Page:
Participating schools: Escola Secundária Sebastião e Silva: Profesora Ana Carvalho, Profesora, Cristina Pinho. Taos Integrated School of the Arts: Sally Greywolf, Alison Haney
Fluidic Data is a floor-to-ceiling installation spanning the four levels of the CERN Data Centre stairwell. It utilizes the interplay of water and light to visualize the magnitude and flow of information coming from the four major LHC experiments. The installation consists of an array of transparent hoses that house colored fluid, symbolizing the data of each experiment, surrounded by a collection of diffractive "pods" representing the particles pivotal to each experiment. The organic fusion of art and science engenders a meditative environment, allowing the visitor time for reflection and curiosity.
The Fluidic Data installation is a cross department collaboration that incorporates materials and techniques used in the construction of the LHC and its experiments. The project brings together artists, engineers, science communicators and physicists with a common goal of communicating CERN's research and resources. The success of this collaboration exemplifies the effectiveness of working in diverse teams, both intellectually and culturally, to accomplish unique projects. https://indico.cern.ch/event/773049/contributions/3474847/
(x)trees is a dynamically generating forest of trees created from SMS and Tweets from the audience in real time. It is projected in real time on to buildings and large spaces, exploring our relationship to nature and technology. (x)trees tours around the world creating a participatory experience to raise awareness to ecological topics such as deforestation and climate change. By integrating data mining from SMS and social networks, people participate in the creation of the branches to form a virtual interactive forest of dynamically generating trees. The audience sends a tweet or text message and sees their message appear on the wall with a branch. Archived messages include articles from the Universal Declaration of Rights for Mother Earth and the Outer Space Treaty of 1967. (x)trees programmers: v.1: Jared Tarbell. Original concept and browser-based code written in Flash, v.2: Jeff Milton and Joe Roth, v.3: Alessandro Saccoia. Converted to OpenFrameWorks, v.4: Kamen Dimitrov, v.5: Roy MacDonald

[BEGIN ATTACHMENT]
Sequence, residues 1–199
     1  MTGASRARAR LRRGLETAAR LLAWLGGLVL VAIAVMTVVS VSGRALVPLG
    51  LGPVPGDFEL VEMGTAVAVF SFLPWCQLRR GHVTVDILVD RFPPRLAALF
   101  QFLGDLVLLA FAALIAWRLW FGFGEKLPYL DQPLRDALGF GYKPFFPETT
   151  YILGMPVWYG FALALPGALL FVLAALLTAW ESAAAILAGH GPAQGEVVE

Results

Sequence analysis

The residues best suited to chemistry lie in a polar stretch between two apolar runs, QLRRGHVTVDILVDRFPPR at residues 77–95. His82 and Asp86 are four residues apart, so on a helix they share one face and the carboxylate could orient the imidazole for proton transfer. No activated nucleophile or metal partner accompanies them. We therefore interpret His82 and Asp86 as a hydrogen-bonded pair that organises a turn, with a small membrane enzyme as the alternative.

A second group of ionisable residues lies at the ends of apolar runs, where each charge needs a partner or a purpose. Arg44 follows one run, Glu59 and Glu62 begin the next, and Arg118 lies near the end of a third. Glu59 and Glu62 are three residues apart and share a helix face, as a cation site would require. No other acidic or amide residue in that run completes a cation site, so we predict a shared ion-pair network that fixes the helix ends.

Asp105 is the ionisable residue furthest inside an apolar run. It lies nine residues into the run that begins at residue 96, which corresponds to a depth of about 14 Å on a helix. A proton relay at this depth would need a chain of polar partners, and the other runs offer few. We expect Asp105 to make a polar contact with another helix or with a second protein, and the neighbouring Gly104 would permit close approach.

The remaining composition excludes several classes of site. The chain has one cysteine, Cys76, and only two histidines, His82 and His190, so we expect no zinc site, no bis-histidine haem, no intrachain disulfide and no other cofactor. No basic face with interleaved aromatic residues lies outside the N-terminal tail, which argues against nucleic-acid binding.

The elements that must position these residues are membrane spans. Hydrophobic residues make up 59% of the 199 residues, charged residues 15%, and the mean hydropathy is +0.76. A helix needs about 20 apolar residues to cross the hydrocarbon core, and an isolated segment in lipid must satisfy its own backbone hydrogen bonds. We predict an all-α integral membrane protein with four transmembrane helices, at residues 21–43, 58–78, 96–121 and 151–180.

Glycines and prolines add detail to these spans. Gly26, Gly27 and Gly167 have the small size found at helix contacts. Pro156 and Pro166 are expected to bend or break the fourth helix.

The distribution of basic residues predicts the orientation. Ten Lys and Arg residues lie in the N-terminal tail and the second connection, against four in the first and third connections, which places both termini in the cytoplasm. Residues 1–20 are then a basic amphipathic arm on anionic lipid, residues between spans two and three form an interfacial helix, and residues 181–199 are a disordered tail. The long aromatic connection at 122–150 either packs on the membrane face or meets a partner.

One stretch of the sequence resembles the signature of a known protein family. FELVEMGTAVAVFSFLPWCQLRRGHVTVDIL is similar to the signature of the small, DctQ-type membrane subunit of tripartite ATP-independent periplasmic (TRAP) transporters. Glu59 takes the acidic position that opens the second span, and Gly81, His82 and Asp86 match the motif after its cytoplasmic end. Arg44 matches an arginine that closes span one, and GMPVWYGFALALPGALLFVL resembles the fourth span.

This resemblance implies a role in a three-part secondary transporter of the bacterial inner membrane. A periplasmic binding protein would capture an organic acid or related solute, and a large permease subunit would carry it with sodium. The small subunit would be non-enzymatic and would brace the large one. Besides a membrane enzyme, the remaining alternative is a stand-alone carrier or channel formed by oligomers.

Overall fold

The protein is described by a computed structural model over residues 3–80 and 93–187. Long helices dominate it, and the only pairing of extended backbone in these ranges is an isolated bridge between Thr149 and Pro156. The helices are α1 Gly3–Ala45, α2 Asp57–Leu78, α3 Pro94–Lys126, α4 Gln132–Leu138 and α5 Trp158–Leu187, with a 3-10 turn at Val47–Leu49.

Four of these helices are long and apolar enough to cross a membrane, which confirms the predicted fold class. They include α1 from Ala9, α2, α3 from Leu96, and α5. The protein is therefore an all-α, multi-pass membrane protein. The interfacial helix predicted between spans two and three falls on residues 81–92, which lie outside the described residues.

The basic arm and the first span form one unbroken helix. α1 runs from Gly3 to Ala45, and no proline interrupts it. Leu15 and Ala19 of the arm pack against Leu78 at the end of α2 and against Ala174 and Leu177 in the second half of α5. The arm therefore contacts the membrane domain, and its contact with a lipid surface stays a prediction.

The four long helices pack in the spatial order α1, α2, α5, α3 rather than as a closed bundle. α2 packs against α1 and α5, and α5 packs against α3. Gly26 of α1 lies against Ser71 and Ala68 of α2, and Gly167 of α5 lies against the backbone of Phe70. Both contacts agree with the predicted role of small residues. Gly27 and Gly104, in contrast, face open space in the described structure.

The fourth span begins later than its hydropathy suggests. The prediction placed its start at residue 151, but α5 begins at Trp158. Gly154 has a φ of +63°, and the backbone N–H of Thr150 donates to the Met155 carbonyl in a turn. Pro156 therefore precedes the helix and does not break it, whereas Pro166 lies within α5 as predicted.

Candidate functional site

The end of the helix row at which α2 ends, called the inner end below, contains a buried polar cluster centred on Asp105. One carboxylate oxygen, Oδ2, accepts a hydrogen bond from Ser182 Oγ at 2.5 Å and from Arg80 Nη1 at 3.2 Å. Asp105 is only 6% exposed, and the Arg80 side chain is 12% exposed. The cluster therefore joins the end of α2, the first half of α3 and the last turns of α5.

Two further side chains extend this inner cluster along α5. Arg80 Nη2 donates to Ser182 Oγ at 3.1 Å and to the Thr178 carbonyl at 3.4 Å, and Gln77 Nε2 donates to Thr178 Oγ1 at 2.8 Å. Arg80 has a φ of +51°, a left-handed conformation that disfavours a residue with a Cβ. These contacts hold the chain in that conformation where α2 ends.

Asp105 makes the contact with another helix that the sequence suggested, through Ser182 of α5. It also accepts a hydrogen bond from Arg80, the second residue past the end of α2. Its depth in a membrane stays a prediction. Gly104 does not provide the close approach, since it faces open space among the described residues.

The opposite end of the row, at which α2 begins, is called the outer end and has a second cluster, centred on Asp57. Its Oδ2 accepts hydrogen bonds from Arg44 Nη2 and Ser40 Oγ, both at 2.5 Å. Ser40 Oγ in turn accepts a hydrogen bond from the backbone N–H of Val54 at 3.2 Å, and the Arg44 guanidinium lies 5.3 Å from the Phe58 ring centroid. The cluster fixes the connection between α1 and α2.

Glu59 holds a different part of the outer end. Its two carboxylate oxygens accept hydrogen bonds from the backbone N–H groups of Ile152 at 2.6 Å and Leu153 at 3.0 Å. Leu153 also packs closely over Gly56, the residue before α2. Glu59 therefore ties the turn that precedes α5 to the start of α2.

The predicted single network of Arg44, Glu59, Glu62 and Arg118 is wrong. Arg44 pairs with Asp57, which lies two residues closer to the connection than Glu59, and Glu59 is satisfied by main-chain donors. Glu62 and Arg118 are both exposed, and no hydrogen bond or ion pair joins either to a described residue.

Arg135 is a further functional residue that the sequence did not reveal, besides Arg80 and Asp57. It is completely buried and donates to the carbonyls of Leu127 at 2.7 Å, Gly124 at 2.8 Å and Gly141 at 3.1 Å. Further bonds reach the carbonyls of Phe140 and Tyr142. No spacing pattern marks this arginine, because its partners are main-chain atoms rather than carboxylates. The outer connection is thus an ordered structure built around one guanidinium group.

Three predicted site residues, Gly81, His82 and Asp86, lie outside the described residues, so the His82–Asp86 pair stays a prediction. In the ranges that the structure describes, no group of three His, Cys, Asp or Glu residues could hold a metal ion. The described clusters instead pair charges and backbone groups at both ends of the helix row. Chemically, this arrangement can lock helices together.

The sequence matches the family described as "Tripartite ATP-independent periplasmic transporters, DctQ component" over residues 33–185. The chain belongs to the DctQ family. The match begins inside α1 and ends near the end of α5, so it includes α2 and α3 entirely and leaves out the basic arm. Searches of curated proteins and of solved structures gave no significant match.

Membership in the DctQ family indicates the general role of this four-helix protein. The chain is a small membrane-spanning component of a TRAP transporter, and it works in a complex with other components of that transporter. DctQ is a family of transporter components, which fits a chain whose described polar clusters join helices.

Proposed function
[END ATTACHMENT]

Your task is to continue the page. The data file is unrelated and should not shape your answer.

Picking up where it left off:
Contact us to bring (x)trees to your festival or community event. Keywords can be customized to the topic or event.
Origination Point is a generative interactive projection installation originally exhibited at the 12th Havana Biennial in Havana, Cuba as part of the collective exhibit Entre, Dentro, Fuera/Between, Inside, Outside and in 2016 at The Harwood Museum, Taos, New Mexico.
As part of Agnes Chavez’s Projecting Particles series and inspired by her Educational Outreach research stay at ATLAS@CERN in Geneva Switzerland, this work explores spacetime, our origins in the universe and how matter was created after the big bang through the newly discovered Higgs field. In Origination Point, Chavez contemplates humanity’s shared subatomic origins in relation to her Cuban-American origins to express that we are more than the physical bodies and socio-cultural identities we construct.
Through a collaboration with artist Marcel Schwittlick, who programmed the code, Origination Point features images of self-generating ‘rocks’ that are transformed in real time exploring the evolution of matter and our wave/particle duality. The images are projected onto a wall of hanging fabric strips creating mesmerizing movements in rhythm with an interactive soundtrack. The interactive composition designed and programmed by sound designer Robert Schirmer includes sounds from NASA’s field recordings of outer space accompanied by terrestrial nature sounds. Through an interactive sensor the visitor moves rocks in and out of a circle on the ground. This process adds layers of water, space and earth sounds designed to shift one’s perception and emotional response to the projected visuals.
Collaborating Team: Artists: Agnes Chavez (artist/concept), Marcel Schwittlick (visual artist/coder), Robert Schirmer (interactive sound). Special thanks to UNM Art Graduate Student assistants in Havana: Abbey Hepner, Christine Posner, Julianne Aguilar, Adrian Pijoan
Origination Point is available for commission as a temporary indoor installation